writer, journalist, literary and theater critic
Wojdowski was born in Warsaw as the son of a carpenter and upholsterer. During World War II, he, along with his parents and his siblings, ended up in the Warsaw Ghetto. In the summer of 1942, he and his younger sister were led out of the ghetto to the ‘Aryan’ side. He was hiding under the changed name in districts of Warsaw and in the countryside near Wyszków.
In 1954, Wojdowski graduated with a degree in Polish philology at the University of Warsaw. He made his debut in 1951 in the weekly magazine “Wieś” with a review of Jan Koprowski’s book ‘Tale of my father’. Then he started working with ‘Życie Literackie’, ‘Przegląd Kulturalny’ and ‘Tygodnik Zachodni’. He found a permanent job in the editorial office of ‘Przegląd Kulturalny’ (1955-1956), and then in the editorial office of ‘Współczesność’ (1960-1964). Wojdowski’s book debut was a volume of short stories ‘Holidays by Job’ (1962), previously published in cultural periodicals. His literary work mainly concerns the events of the Second World War, including the extermination of Polish Jews. In the novel ‘Bread Thrown Dead’ (1971), next to the tragedy of Jews and the dramatic situation of an individual, it shows the psyche of the victims of Nazism: the feeling of humiliation and confusion, along with the will to fight for survival and save one’s own humanity and individual dignity.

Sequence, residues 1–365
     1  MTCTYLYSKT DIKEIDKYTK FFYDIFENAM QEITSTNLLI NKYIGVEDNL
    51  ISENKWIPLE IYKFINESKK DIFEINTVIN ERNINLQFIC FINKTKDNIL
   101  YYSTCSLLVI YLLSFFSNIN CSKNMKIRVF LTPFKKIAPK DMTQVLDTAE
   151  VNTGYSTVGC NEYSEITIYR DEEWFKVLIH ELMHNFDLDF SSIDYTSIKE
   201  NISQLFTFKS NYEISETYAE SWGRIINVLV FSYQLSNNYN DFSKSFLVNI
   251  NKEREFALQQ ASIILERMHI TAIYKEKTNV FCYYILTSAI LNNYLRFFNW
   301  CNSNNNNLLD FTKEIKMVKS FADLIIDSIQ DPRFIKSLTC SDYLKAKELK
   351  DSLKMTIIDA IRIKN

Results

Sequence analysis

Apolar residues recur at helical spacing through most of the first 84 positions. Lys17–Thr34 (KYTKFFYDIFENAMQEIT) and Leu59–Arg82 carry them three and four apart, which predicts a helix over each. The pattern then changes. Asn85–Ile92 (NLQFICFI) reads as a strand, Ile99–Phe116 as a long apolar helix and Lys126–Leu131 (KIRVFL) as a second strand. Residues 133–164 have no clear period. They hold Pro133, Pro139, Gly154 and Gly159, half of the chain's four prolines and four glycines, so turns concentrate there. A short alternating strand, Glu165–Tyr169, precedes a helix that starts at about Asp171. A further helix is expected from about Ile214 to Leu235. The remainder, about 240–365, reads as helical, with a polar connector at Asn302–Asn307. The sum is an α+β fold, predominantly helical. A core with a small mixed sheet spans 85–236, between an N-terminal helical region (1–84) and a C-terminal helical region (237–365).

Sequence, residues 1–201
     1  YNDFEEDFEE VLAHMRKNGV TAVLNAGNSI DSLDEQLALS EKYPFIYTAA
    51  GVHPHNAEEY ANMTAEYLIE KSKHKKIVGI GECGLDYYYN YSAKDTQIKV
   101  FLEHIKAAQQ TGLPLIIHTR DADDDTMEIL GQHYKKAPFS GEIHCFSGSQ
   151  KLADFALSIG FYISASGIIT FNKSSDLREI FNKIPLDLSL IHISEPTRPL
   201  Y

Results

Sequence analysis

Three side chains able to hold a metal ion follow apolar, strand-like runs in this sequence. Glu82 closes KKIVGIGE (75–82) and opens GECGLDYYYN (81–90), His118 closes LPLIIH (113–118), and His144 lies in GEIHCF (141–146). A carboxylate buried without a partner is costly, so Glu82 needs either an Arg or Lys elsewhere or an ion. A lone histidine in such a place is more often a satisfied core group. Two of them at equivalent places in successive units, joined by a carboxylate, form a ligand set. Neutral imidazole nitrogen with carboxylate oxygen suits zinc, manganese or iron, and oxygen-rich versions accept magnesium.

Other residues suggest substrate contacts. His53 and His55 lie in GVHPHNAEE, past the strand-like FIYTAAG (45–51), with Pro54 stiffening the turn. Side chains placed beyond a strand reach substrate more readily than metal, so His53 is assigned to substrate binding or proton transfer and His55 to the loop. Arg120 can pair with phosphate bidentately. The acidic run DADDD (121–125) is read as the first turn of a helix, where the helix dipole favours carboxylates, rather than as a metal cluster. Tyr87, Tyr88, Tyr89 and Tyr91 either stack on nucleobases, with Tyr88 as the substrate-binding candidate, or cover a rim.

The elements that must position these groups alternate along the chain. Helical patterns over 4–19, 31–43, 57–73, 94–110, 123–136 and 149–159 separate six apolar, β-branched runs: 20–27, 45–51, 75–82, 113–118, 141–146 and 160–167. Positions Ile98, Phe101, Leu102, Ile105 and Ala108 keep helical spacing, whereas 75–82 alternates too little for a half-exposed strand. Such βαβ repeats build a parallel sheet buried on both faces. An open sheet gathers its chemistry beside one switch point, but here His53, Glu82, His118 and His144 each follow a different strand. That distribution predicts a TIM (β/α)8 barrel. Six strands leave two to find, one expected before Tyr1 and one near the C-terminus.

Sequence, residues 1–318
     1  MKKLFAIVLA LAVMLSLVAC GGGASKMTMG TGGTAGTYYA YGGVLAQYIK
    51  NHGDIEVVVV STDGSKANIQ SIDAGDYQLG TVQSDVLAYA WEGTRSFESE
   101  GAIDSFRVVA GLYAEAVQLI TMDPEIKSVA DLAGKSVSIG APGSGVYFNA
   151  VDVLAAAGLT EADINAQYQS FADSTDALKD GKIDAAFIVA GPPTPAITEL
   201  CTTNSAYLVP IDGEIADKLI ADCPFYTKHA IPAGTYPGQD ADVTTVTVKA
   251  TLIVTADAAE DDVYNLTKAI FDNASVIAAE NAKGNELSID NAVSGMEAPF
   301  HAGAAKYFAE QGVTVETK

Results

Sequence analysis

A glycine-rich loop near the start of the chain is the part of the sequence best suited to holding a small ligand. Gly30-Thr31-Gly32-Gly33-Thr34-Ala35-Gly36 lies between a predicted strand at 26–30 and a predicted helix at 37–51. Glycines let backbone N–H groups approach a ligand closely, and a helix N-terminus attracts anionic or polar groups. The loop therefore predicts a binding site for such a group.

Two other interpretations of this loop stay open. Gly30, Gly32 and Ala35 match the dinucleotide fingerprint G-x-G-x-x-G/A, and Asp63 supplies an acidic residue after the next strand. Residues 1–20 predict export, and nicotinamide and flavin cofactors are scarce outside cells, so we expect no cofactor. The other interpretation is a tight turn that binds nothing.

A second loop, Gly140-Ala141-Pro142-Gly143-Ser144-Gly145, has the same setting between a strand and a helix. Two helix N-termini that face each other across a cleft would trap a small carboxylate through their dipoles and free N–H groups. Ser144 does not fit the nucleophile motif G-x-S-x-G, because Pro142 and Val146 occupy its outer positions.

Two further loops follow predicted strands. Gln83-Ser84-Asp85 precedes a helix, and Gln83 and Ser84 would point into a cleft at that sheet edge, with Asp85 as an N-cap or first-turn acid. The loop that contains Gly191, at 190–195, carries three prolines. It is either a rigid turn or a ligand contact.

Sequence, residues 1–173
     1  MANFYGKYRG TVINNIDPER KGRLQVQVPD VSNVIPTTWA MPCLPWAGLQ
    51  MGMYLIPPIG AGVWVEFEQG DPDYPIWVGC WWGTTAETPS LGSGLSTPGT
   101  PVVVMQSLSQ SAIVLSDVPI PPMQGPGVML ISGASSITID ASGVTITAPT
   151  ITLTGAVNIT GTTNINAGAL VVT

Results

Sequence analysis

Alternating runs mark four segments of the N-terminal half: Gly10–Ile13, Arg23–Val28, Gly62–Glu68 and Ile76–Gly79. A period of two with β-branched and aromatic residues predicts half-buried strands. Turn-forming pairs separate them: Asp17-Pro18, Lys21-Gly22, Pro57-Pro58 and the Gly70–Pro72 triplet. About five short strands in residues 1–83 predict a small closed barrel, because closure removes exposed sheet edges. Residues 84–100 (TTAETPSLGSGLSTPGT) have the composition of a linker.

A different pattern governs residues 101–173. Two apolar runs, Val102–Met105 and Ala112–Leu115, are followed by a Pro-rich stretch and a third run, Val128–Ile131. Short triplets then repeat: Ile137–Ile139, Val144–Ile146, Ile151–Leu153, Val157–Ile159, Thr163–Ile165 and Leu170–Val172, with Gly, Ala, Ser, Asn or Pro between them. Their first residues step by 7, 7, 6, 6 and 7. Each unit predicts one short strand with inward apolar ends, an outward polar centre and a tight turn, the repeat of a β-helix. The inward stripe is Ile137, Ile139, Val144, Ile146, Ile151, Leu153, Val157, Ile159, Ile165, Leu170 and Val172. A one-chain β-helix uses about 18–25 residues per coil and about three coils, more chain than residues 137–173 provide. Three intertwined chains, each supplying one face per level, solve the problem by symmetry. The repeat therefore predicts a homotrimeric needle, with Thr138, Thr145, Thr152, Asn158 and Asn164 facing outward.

Wojdowski died of suicide and was buried at the Jewish cemetery on Okopowa Street in Warsaw. His private archive was donated by his wife and sister to the National Library.
translated by Adam Grossman